Mold Remediation Blog

Picture-Proof We Practice Top-Notch Mold Containment

Here’s What One Of Our Meticulously Constructed
Containment Barriers Look Like…

BY DAVID MYRICK, OWNER

Our Doorframe Containment Vs. Our Competitors’

Example #1: Our Doorframe Containment (The Right Way)

Example #1: Competitor Doorframe Containment (The Wrong Way)

Example #2: Our Doorframe Containment (The Right Way)

Example #2: Competitor Doorframe Containment (The Wrong Way)

I make it my mission to be the mold remediator in VA, MD, and DC that provides homeowners like you with all the facts. The good. The bad. The ugly. And, occasionally, the ultra-technical. 

File this article under the last one.

In another article, I talked about why proper containment is critical during mold remediation. Today, I want to show you what proper containment actually looks like.

To do this, I’ve included a photo of one of our meticulously constructed containment barriers below… and a photo of a not-so-great containment barrier another mold company set up. 

I’ve numbered the important parts of each image. Below the image, I explain what each of those numbers is showing.

Let’s get started…

Our Mold Containment Barrier

The picture above is what our typical containment looks like from the inside. What you’re really looking at above is four separate containment barriers all seamed together to make one continuous barrier. 

There is a very specific order in how we build containment (numbered in the image above):

The 1st barrier is 6mil plastic taped to the floor so mold spores can’t get into the carpet. The floor’s barrier has to go down first so the rest of the barriers can be sealed to this floor barrier.

The 2nd barrier is built over the door on the right. 

First, we tape strong double-sided tape to the door’s frame and then wrap custom-trimmed 6mil plastic over it. The double-sided tape is very strong and makes a mold-tight seal so mold spores can’t escape into the room behind this door.

Next, we add two layers of blue tape to the top and sides of the door (because blue tape won’t tear the drywall) and two layers of duct tape to seal the gap at the bottom of the door.

The 3rd barrier is the doorway with the red zipper. This barrier is built the same way as #2 but it has a red, heavy-duty zipper to allow us to get in and out. 

Notice how much wider our red zipper is compared to our competitor’s black zipper in the picture below. That’s because it has twice as much adhesive, so our zipper makes a much tighter seal and won’t come off the barrier.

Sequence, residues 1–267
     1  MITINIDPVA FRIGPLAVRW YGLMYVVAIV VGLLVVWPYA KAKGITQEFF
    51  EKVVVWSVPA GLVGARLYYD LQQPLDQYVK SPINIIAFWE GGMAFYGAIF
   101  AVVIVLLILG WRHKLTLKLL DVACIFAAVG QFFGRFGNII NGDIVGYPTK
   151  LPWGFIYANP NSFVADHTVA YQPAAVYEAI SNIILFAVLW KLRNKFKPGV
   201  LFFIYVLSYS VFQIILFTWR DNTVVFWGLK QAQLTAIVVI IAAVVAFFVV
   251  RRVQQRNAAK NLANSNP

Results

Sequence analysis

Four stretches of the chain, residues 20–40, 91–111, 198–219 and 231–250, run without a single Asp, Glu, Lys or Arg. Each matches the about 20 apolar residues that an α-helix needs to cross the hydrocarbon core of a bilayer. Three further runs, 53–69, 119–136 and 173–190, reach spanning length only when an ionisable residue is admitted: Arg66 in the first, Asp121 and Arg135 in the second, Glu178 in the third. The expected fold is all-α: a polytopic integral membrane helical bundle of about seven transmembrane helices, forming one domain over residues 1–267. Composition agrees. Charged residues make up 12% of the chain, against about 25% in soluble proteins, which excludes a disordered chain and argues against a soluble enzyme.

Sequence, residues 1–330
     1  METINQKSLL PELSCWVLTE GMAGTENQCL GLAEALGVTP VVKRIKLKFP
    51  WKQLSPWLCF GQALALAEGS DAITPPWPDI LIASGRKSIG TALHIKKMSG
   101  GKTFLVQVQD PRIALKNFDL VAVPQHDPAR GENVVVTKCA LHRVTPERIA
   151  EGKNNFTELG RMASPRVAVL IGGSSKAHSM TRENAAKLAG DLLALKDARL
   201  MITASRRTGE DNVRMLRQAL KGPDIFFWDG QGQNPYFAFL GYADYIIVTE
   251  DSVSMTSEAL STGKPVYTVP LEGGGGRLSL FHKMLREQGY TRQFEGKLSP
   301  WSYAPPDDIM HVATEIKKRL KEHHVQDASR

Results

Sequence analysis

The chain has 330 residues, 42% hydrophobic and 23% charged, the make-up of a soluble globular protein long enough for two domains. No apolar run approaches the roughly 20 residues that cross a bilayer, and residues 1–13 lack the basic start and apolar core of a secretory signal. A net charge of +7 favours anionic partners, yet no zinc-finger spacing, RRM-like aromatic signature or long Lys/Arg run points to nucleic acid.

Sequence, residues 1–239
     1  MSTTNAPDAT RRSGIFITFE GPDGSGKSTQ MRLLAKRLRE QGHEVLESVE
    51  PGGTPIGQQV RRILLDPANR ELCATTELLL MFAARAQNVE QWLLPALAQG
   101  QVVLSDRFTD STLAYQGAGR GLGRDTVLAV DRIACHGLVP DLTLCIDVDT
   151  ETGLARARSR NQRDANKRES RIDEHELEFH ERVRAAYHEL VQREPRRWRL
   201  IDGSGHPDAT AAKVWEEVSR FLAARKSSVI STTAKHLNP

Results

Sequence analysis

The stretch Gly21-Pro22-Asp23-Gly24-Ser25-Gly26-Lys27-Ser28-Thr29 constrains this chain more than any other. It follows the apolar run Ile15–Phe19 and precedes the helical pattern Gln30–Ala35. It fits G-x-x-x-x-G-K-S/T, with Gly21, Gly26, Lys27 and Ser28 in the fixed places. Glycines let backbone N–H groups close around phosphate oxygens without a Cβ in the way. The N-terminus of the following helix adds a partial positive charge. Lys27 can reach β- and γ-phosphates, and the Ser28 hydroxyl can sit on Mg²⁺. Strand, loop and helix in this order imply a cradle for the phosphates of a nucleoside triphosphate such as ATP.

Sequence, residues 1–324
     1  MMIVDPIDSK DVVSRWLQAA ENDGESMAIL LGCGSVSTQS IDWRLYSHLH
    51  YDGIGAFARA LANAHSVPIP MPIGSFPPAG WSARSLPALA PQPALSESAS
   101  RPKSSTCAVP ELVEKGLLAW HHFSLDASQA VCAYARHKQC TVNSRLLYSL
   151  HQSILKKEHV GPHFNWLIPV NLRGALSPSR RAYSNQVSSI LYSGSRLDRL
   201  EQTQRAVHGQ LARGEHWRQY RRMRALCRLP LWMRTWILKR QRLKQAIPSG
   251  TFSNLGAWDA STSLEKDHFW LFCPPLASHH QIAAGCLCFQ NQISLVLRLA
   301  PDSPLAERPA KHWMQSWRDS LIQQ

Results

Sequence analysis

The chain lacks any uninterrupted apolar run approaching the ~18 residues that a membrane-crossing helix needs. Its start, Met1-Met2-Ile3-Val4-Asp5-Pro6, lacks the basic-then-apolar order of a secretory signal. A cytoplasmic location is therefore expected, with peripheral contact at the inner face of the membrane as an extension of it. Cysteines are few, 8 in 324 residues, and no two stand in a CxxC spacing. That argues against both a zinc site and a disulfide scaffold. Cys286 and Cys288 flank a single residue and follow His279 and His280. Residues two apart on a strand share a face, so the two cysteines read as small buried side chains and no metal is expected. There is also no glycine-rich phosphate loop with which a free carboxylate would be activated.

The 4th barrier is a free-standing, 6mil plastic wall sealed to the ceiling, walls, and floor with 2 layers of tape on all 4 sides. To hold the barrier up, we use special tension poles that are made specifically for containment barriers.

We’re one of the few remediators who use this 5-foot foam rail to hold the containment barrier snugly to the ceiling.  This is especially important on textured or popcorn ceilings as tape alone won’t seal the barrier to those surfaces.

Most remediators don’t use foam rails because the rails are expensive and require more tension poles. But the cost is worth it to ensure our containment barriers don’t fall down or sag.

This is an HVAC register we sealed up. We have to make sure no mold gets into the HVAC system while we’re tearing out mold.

Final Result

The containment barrier—coupled with the Air Filtration Device we set up—prevents mold spores from escaping the contained area while we work. The result is a safer overall project for you and your family.

Mold Containment Done Wrong

This is a containment barrier that another local mold remediator set up. There are quite a few mistakes, so it’s a great lesson in what NOT to do when setting up containment:

The company used duct tape on the drywall instead of blue tape. Duct tape tears the drywall and can add at least $200 extra to the rebuild costs.

Barely 10% of the containment barrier is taped to the ceiling. That means mold spores can escape over the top of 90% of the barrier.

The bottom of the barrier isn’t taped down at all, inviting mold spores to escape. Any slight wind is going to lift the whole bottom up.

There are only two pieces of tape sealing the barrier to the wall. Again, this allows mold spores to escape into other areas of your home.

None of their tension poles have foam rails. Within hours, this whole barrier will get saggier and saggier. Which area sags first? The area above the zipper, since it is being pulled up and down several times a day.

The black zipper is the cheap, flimsy model that breaks easily and loses its stickiness quickly. When the zipper comes off, there is nothing standing between the mold and the rest of your house.

Final Result

This barrier has more holes than a slice of Swiss. Mold spores have dozens of gaps from which to escape the area and infiltrate the rest of your home.

Contact Valor For Mold Remediation Done Right

Our painstakingly detailed containment is just one reason Northern CA, Central VA, Southern MD, and Washington DC homeowners choose us to remove their mold. Visit our Why Us page for more reasons why you want us in your corner to help you fight your mold problem.

After that, get in touch for a free estimate. It would be an honor to hear from you.

Why Choose Us

We remove mold the right way… and it would be an honor to hear from you.

96% Success Rate

96% Success Rate

Your home is in the best hands—our chemical-free remediation has the highest success rate in the industry.

Instant Mold Testing

Instant Mold Testing

You get the answers you need—our special mold testing provides 100% accurate results on the spot.

300+ Happy Clients

300+ Happy Clients

You can trust our process—we’ve performed over 300 successful projects since we opened in 2006.

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